Summer Of Sam (1999)

Director: Spike Lee

Starring: John Leguizamo, Adrian Brody, Mira Sorvino, Jennifer Espostio, Ben Gazzara, Bebe Nuewirth, Patti LuPone

Written by: Victor Colicchio, Michael Imperioli and Spike Lee

Running Time: 142 mins

Original UK Cert: 18

Original UK Release: 14th January 2000

It would have been so easy to have made a movie about the notorious serial killer known as Son Of Sam but director and co-writer Spike Lee, so as not to upset the victim’s families, decided not to glorify the mass murderer but see it from the point of view of a small community during that reign of terror. A perfect idea, I hear you say. So how did it go so wrong?

1977 New York. A long hot summer is fueling the mind of a maniac. A cold-hearted killer who is randomly murdering innocent victims in their cars. In a small area of the Bronx, members of the Italian-American  neighborhood are suffering from paranoia and suspicion as they attempt to lead their lives. Vinny, married to Dionna, is a hairdresser with a passion for the women while his best friend, Richie, a punk who plays in a band and wants to British, is considered weird by Vinnie’s friends. While Vinnie is out with the ladies, Richie is hiding a dark secret. Could he be the killer that is terrorising the streets?

Lee’s film plays on similar lines to his earlier hit, Do The Right Thing: tensions building in a small neighbourhood during a heatwave. It also longs to be Goodfellas and Boogie Nights, with its impressive soundtrack and overall feel of the last days of disco. Visually, Lee hits the nail on the head and along with the costumes, the music and the whole sense of heat, it works perfectly.

The whole idea of seeing these events from the eyes of those who are not connected but may become the next victim is also a powerful source for material. When something so horrific is happening on your doorstep, you immediately are concerned about your loved ones and yourself. So you have a foreboding sense of dread. Again, that works.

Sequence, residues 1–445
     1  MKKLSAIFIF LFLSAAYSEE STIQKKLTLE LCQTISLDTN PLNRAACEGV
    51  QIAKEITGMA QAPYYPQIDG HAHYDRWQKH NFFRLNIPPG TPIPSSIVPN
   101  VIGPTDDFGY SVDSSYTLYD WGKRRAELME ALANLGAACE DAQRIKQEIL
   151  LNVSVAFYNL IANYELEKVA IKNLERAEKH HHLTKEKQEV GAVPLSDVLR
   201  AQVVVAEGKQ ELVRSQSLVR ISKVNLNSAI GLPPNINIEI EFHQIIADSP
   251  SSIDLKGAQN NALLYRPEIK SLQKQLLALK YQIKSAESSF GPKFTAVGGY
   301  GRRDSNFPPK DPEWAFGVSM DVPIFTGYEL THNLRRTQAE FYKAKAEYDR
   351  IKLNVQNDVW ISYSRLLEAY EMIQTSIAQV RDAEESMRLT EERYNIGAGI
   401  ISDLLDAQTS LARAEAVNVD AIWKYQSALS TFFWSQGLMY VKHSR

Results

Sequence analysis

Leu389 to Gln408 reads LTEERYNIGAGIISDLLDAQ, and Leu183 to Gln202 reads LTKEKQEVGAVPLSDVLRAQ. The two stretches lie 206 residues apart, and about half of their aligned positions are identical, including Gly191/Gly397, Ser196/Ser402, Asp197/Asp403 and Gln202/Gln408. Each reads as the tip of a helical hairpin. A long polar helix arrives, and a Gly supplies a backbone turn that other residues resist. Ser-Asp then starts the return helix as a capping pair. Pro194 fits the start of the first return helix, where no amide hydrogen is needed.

So what doesn’t work? Everything else, that’s what. At a hefty 142 minutes it’s a long haul. Sometimes painfully long and when you analyse why it feels longer than it is, there is only one solution: the characters. These are incredibly loathsome individuals who, if you saw them coming towards you on the street, you’d instantly cross the road. They are vile. They are obnoxious. They are stereotypes of Italian-American, a criticism that has been labelled against the film. These wannabe gangsters have nothing to offer except violence and expletives. As far as character development is concerned, it seems that has been left on the cutting room floor. You don’t want to spend 142 minutes with these people. You barely want to spend ten!

It’s not that the actors aren’t good. There is quality here. John Leguizamo is one of the most underrated actors around and always gives a good performance but here, Vinnie is such a snake, such a sickening, depraved individual, you wonder what his wife ever saw in him. With his disco swagger and fine suits, he leaves his wife in a club so he can have sex in the back of a car with her cousin!

Before he became an Oscar winner, Adrian Brody was always going to slightly off-beat characters and Richie is no exception. With his spiked hair (that later becomes a Mohawk), Union Flag Tee-shirt and fake British accent, you think, at last, an interesting character who just happens to be the other side of the musical spectrum. Then the dark secret is revealed and you aren’t even the least bit surprised. Yet it goes no where. If you are going to give us something that is scandalous, don’t just use it to shock.

The women don’t fare any better. Mira Sorvino is better than the material she is given as Vinnie’s wife. There are moments when she shines here but those moments are few and far between and she becomes a sexual plaything for Vinnie. Jennifer Espostio, as Richie’s girlfriend,  gets next to nothing to do.

This is a massively missed opportunity. What is so painful about it is that you can see a decent, fascinating film about paranoia here, if only we were given characters we cared about, we could emote with. I didn’t care one bit if these people lived, died or what. I just didn’t want to invest in so much time with them. Spike Lee is a talented director and has proved his worth but here, he definitely hit a bum note.


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